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Deliverance from Botnets

Updated on December 4, 2011

Created: November 6, 2011:

Terminating Botnets

Who should eliminate botnets? End users don’t feel responsible or even recognize that there is a problem. They are completely unaware of the security problem until a service provider or a security company comes along and informs them that they are infected with a virus.(O’Donnell, 2007).

Botnets running IRC-based C&C (Command and Control) servers may be shut down soon after discovery if the responsible domain registrar deactivates the domain registration for the domain hosting the C&C servers. This technique of botnet termination requires the cooperation of domain registrars and some Domain Authorities are simply unwilling to cooperate; especially those registrars responsible for the Eastern-block and third-world nations.

When a C&C server domain has been successfully shut down the site operators can often quickly obtain a new domain name to continue the botnet’s activities, unless the bot-herder has been removed from circulation. The task of shutting down botnets has traditionally fallen upon security organizations and researchers who play a sort of cat-and-mouse game with the bot-herders.

The development of fast flux domain names has made locating the C&C servers of botnets that much harder. A researcher discovered a poisoning technique that appears to bring down portions of the Storm botnet. "’Our experiments show that by polluting all those hashes that we identified to be storm hashes, we can disrupt the communication of the botnet,’ the researchers wrote” (Broersma, 2008).

However, researchers are reluctant to take direct action against the bots because those machines typically belong to individuals who are unaware of the botnet activity and there may be serious legal consequences for researchers, according to Broersma (2008).

Newer systems use Peer-to-Peer (P2P)-style Command and Control (C&C) protocols adapted from guerilla file-sharing systems that are notoriously difficult to control and can cause massive collateral damage if improperly re-mediated. Other than macro-scale traffic and content mitigation techniques like outbound spam filtering, which several organizations have proven to be extremely effective, the solution is to take down botnets node-by-node. (O’Donnell, 2007).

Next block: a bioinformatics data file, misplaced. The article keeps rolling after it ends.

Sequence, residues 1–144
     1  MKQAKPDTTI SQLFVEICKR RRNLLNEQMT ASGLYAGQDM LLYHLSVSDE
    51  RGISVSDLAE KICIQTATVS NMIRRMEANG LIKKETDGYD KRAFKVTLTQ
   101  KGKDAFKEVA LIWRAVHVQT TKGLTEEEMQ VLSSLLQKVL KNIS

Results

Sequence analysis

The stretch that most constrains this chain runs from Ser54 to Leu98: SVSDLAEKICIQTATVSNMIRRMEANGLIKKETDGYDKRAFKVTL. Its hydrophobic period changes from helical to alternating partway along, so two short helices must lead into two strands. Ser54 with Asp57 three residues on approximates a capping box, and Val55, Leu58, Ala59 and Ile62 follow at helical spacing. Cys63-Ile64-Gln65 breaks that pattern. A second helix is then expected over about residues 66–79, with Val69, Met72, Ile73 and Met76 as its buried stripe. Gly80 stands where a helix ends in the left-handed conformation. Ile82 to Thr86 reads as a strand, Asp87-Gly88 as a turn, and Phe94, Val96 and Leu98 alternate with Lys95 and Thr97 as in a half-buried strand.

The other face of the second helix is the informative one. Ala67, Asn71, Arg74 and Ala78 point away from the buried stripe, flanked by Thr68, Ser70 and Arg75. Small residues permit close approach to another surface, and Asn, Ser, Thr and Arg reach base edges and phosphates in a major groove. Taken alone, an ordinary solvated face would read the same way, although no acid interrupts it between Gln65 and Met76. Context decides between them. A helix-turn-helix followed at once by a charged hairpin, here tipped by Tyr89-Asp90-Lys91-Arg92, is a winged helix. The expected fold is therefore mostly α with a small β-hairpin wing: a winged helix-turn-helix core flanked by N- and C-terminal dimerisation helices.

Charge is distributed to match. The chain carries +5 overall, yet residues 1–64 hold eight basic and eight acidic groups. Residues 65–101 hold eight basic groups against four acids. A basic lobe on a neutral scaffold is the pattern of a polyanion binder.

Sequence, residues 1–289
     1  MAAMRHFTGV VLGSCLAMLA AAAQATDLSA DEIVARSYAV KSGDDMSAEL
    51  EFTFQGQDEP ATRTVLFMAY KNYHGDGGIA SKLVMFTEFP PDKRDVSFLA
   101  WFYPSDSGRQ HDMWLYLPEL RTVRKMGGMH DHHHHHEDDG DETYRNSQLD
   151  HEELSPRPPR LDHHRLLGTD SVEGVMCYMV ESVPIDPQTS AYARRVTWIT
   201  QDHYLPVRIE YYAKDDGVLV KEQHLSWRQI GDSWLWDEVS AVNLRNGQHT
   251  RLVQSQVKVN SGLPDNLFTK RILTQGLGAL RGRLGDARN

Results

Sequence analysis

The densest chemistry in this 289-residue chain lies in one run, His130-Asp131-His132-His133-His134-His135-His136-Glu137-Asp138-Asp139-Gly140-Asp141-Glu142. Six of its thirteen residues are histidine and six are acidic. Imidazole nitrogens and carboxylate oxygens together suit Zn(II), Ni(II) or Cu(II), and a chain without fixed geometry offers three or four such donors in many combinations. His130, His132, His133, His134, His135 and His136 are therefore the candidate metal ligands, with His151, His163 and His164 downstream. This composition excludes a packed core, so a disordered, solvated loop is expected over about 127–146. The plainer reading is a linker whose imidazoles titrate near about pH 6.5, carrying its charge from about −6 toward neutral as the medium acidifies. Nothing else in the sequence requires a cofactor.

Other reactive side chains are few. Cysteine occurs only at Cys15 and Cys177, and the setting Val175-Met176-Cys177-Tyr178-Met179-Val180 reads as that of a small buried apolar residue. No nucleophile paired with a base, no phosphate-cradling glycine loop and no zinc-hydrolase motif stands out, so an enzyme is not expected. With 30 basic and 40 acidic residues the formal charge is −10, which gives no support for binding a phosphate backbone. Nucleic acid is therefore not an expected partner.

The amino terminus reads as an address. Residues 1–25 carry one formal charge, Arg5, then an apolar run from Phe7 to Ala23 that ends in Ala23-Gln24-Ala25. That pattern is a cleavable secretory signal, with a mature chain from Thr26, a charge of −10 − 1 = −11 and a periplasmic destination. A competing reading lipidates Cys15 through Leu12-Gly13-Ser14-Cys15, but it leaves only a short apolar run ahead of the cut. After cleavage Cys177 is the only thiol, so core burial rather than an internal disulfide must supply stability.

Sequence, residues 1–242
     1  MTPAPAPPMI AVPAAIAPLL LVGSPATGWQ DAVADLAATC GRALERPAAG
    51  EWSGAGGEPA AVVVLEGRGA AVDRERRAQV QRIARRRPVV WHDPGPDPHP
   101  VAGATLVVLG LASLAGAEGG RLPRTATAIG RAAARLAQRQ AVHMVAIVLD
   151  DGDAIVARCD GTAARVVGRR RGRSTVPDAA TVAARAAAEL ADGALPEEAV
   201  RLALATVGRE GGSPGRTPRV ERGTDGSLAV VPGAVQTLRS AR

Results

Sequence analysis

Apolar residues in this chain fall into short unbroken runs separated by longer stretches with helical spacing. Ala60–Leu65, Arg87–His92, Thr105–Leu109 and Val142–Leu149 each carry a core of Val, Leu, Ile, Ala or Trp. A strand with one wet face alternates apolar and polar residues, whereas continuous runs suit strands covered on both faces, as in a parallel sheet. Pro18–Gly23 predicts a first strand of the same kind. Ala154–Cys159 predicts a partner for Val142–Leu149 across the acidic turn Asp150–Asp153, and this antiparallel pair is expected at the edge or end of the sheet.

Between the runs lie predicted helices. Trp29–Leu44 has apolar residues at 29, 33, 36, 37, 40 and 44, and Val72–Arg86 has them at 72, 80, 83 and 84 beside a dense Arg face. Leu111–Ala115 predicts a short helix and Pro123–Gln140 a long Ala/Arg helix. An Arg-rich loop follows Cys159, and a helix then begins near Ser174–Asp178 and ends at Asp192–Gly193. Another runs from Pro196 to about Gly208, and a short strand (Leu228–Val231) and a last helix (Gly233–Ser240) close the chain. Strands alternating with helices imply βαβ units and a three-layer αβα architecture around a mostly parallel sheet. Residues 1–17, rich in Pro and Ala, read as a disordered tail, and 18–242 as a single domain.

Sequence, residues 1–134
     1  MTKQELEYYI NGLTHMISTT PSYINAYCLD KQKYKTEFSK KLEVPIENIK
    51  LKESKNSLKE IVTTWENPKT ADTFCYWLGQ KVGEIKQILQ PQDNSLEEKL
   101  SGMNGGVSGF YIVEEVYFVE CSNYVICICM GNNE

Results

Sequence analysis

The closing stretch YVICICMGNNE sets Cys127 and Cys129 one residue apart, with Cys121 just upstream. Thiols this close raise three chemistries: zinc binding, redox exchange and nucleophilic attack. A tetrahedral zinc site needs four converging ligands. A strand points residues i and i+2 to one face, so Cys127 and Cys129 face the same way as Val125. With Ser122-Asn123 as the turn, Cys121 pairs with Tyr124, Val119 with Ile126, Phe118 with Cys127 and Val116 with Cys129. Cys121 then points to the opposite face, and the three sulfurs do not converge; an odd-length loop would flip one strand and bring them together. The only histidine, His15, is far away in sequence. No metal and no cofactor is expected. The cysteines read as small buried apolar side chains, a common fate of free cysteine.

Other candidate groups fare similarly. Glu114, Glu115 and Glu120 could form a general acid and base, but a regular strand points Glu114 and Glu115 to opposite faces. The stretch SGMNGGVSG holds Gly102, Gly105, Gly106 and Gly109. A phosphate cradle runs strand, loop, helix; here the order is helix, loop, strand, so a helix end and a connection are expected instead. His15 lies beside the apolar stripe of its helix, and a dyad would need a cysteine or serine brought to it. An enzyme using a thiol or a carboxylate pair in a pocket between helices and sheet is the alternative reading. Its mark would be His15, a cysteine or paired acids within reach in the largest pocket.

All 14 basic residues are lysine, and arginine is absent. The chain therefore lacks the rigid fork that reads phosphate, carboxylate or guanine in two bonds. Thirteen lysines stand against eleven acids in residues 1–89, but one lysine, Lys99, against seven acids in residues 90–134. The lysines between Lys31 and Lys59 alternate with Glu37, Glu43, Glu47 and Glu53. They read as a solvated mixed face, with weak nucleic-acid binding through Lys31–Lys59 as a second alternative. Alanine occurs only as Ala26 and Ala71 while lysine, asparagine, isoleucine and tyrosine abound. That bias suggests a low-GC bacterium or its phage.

Detection and Removal

End users do not normally discover that their computers have joined or are participating in botnets without some outside influence. Users do, however, notice when their systems begin to perform below acceptable standards. The most obvious tip-offs are when their computers respond slowly or erratically, or they notice much more hard-drive activity than previously seen. They may decide at this time to run anti-virus software and that software may discover and clean Trojans from the systems only to have those Trojans miraculously reappear.

One manual method of locating rootkits is to check the names, signatures, and check-sums of processes and services running on the machine. Processes with no names are definite candidates and merit further investigation. RootkitRevealer, a software package written to run on Microsoft platforms will, according to Cogswell and Russinovich (2006), detect the presence of many rootkits. This tool is aimed toward IT professionals who have the background and experience to interpret the results but the tool can be quite effective at locating these pesky bits of code. Once the files containing the rootkits are identified they may be deleted, however, registry entries must also be tracked down and cleaned.

Many anti-virus publishers develop tools to locate and remove rootkits. However, these tools achieve limited success when loaded after a rootkit infection occurs. Usually, the most effective method to eliminate infection when removal tools do not succeed is to re-install the operating system. This often requires using a recovery disk supplied by the manufacturer. Using this procedure also requires restoring any data files and add on applications because they are erased when the new operating system is installed.